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power points

Rob Barnett has been let go from a job four times. It stung each time, even when he only fell victim to a reorganization. After the fourth dismissal, he learned the power of reaching out to others in a similar situation – for comfort, ideas, and encouragement – and that social media can be valuable in job hunting if used right. Now, he hopes others can benefit from what he’s discovered while struggling with unemployment.

Often, he notes, the person terminating you will stress it’s not personal – it’s business. Mr. Barnett counters in his book Next Job, Best Job: “All of us who have been through this rite of passage know that it’s not only personal, it’s primal. Deep emotional buttons are pushed when somebody strips away your income.”

Mr. Barnett would check his bank balance a dozen times a day in the aftermath. But it goes beyond the lost income. Your ego shrivels up as you are no longer needed. For him, it seemed as if he was tied down in chains, the walls closing in, without any idea how to escape. “The weight of all that stress ate away at my strength and confidence,” he says.

You also find out which friends won’t show up when you need them the most. Many former colleagues refuse to reach out, even as you desperately want to hear from them. You realize a lot of work relationships are transactional, not true friendships – many people treat you as if you have a disease they might catch by connecting.

Mr. Barnett advises that emotional rescue comes by things like meditation, vigorous exercise, spontaneous dance – and dark chocolate. Fire the “no police”: the fears in your mind insisting not only that you won’t secure a good job for a long time but also that finding a better job, with higher pay, is impossible. Jettison fears surrounding your age. Commit yourself to a date night once a week with somebody who believes in fun, treating the cost as an investment in your sanity. Volunteer somewhere to be with others and feel useful. Recruit a trusted friend who will make regular check-ins to keep you accountable for making progress on your job search every day.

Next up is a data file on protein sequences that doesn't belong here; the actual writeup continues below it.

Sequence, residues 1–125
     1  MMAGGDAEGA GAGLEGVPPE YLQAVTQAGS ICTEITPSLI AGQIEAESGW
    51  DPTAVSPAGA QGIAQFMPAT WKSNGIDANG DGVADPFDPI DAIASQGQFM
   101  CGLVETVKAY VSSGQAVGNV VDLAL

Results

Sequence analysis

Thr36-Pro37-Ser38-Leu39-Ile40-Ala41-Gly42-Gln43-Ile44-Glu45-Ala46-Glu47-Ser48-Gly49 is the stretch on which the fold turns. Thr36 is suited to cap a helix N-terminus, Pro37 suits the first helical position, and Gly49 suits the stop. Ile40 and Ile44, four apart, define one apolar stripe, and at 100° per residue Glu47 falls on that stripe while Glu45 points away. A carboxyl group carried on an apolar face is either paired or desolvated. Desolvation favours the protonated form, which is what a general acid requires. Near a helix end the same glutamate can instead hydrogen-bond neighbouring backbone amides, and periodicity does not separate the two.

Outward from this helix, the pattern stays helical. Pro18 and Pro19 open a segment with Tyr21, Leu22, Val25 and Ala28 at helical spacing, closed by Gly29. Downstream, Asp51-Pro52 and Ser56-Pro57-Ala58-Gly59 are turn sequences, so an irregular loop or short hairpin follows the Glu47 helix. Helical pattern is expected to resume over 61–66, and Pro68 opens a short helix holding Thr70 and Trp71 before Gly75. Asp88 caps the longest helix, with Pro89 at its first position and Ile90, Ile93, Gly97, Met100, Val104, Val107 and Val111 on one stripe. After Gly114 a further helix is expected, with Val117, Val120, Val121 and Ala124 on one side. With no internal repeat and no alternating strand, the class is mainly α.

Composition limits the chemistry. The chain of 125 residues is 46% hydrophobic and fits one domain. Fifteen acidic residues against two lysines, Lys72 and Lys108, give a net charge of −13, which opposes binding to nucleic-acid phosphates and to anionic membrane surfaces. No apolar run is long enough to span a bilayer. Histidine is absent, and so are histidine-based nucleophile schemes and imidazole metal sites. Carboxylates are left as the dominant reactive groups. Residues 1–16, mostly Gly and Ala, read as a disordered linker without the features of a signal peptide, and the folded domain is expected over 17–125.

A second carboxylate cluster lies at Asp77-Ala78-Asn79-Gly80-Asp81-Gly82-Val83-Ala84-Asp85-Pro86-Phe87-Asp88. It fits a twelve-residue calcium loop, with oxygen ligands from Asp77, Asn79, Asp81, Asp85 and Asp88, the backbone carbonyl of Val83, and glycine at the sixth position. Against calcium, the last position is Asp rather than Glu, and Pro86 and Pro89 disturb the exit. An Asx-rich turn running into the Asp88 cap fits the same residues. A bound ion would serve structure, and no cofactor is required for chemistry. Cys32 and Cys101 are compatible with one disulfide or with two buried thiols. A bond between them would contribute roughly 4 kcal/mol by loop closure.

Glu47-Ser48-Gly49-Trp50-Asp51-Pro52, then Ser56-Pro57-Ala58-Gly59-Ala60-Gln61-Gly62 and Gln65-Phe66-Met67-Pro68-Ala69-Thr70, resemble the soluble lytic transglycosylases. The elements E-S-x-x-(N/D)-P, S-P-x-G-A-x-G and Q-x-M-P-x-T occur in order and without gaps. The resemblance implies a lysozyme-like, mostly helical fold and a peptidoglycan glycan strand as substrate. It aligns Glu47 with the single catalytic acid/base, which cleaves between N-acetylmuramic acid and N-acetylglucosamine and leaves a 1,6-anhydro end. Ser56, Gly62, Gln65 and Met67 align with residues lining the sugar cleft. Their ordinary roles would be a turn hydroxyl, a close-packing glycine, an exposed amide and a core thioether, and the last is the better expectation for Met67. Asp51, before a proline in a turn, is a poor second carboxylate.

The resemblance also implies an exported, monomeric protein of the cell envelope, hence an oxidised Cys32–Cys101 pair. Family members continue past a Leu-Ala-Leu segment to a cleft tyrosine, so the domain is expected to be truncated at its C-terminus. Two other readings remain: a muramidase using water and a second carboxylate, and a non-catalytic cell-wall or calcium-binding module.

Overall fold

Find your supporters. In Mr. Barnett’s case, he uploaded an impassioned video about his between-jobs desperation to social media in 2018, after being out of work six months, and by nightfall attracted 16,000 views and about 600 comments. He had struck a nerve, echoing what other people were feeling, and he subsequently knitted them into a community that continues today.

He urges you to do the same: “Your job search does not have to be a solo, isolating experience. Who made the crappy rule that you have to hunker down alone or depressed on a job search without any significant human support?” Don’t be afraid to reach out. Don’t be afraid to ask for help. E-mail people you like and trust to let them know you’re building a team of folks who will support each other by pooling their resources and networks to find open jobs.

Determine your North Star – your professional identity, what you have to offer in the marketplace. Make that central to your pitch. Don’t try to be all things for all people. Get social media working for you, starting with the most powerful for job hunting: LinkedIn.

“Swear that you’ll never let a single day of job search go by without making at least one professional, relevant, online post,” Mr. Barnett writes. Demonstrate through those posts that you’re in step with pressing issues of the business and industry you target. Try to be authentic, engaging, and inspiring. Keep it apolitical.

Losing your job is personal – it’s a kick in the teeth. But you can recover, working with others and social media to find your next position.

Quick hits

  • Turn your out-of-office e-mail responder on the day before you go on vacation, recommends content strategist Erin Greenawald. Tell your boss and closest colleagues, but this little trick helps to fend off requests from others as you are getting set to leave.
  • It’s OK to leave a job off your resume, advises executive recruiter Gerald Walsh, if it was far in the past, your time in the position was brief, the work was part-time, short-term, or contractual, or you took the job simply to generate cash. But don’t leave something off your resume to mislead an employer, particularly bad experiences.
  • Executive coach Dan Rockwell urges you to take 15 minutes to express irritations and frustrations through a “naughty list” of people who disappoint or aggravate you. Just don’t leave it hanging around the office.
  • Virtual selling and buying is here to stay, notes sales coach Colleen Francis. As we return to in-person meetings, find out which type of sales encounters your customers and prospects prefer.
  • If working remotely, consultant Sara Canaday reminds you not to become out-of-sight-out-of-mind: Send regular progress reports to your boss and colleagues.

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